Speed Trap Campaign
Accompanying Studies to Speed Trap Campaign
The speed trap campagin called "Blitzmarathon" is a building block in the general road safety work of the police. The study requested is therefore intended to demonstrate the effectiveness and sustainability of the speed camera marathon using the example of selected measuring points and to evaluate the transferability to the entire road network.
Exceeding the speed limit has a significant influence on the number of accidents and the severity of the consequences. Against this background, the "Blitzmarathon" has gained in importance, as it can have a positive effect on speeding behavior. The aim of the speed camera marathon should be to reduce the number and amount of speeding offences. This means the measure can only be evaluated at locations where there is a regular exceeding of the speed limit. The "Blitzmarathon" is not intended to result in all permissible speeds being significantly undercut, but rather to reduce high speeding in particular.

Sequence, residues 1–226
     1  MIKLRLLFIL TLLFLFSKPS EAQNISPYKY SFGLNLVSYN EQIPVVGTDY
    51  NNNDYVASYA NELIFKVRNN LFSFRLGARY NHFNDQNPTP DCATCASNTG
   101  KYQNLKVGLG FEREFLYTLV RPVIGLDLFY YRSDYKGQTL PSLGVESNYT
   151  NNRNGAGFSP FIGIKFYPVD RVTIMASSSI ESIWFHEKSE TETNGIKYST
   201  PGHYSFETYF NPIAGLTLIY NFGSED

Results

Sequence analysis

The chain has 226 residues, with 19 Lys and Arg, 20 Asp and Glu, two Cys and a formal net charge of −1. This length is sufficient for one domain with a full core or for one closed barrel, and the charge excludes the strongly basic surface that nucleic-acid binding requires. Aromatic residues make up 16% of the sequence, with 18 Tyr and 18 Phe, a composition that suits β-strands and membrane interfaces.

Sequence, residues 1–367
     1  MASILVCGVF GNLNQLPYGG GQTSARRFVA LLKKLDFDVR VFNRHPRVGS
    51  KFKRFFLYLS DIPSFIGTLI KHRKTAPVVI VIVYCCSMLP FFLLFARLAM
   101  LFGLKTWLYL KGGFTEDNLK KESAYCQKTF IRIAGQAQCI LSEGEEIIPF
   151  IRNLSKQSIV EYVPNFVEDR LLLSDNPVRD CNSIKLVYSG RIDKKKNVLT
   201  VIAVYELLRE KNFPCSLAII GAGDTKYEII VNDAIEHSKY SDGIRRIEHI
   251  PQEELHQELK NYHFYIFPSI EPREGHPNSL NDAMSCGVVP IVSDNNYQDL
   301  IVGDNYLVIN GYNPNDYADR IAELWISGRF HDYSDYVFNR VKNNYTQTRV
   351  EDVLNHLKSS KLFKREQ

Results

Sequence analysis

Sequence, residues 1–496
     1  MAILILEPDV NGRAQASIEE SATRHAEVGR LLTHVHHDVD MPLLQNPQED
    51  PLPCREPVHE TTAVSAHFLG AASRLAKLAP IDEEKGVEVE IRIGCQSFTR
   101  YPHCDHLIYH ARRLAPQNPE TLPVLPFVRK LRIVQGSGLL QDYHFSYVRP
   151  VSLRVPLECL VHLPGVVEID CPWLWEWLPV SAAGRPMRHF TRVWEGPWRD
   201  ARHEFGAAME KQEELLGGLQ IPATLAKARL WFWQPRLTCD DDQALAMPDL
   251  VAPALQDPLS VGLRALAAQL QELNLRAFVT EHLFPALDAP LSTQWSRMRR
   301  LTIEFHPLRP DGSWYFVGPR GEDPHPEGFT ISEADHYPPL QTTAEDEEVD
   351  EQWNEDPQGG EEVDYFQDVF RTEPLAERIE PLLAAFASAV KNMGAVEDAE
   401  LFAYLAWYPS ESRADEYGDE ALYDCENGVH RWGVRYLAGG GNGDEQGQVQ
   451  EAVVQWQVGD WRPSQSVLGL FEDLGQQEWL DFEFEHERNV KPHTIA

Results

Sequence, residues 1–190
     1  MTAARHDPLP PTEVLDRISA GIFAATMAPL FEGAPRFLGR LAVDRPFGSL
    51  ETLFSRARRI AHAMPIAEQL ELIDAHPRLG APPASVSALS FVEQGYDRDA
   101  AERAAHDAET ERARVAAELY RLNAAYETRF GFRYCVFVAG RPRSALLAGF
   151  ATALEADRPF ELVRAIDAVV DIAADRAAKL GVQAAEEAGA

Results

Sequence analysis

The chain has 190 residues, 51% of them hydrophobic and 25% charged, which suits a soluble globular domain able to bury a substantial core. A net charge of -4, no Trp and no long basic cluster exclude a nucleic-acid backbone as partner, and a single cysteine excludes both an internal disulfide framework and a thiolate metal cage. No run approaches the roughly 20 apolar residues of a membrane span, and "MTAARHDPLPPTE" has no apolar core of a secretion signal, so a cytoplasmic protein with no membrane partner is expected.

The comparative studies took place for both the speed trap campagin in October 2013 and the campagin in spring 2015 (16.4.2015). In October 2013, as part of a smaller study, only six locations were monitored where police surveillance also took place. In addition, the comparative data here were collected only ten days before and ten days after the speed camera marathon.
For the current accompanying study in spring 2015, the scope - both the number of comparison sites and the duration of the observation - was therefore significantly increased so that a final evaluation can be made. In this extended study, significantly more sites were covered and a differentiation was made between sections with and without police surveillance.
The required data basis was generated from traffic surveys (recording of individual vehicle data) and from data of the traffic management system of the city of Cologne. In this way, possible effects can also be demonstrated in the area and, in particular, the durability of the measure and the long-term effects can be better verified.
Years in Focus of the Study
2013 und 2015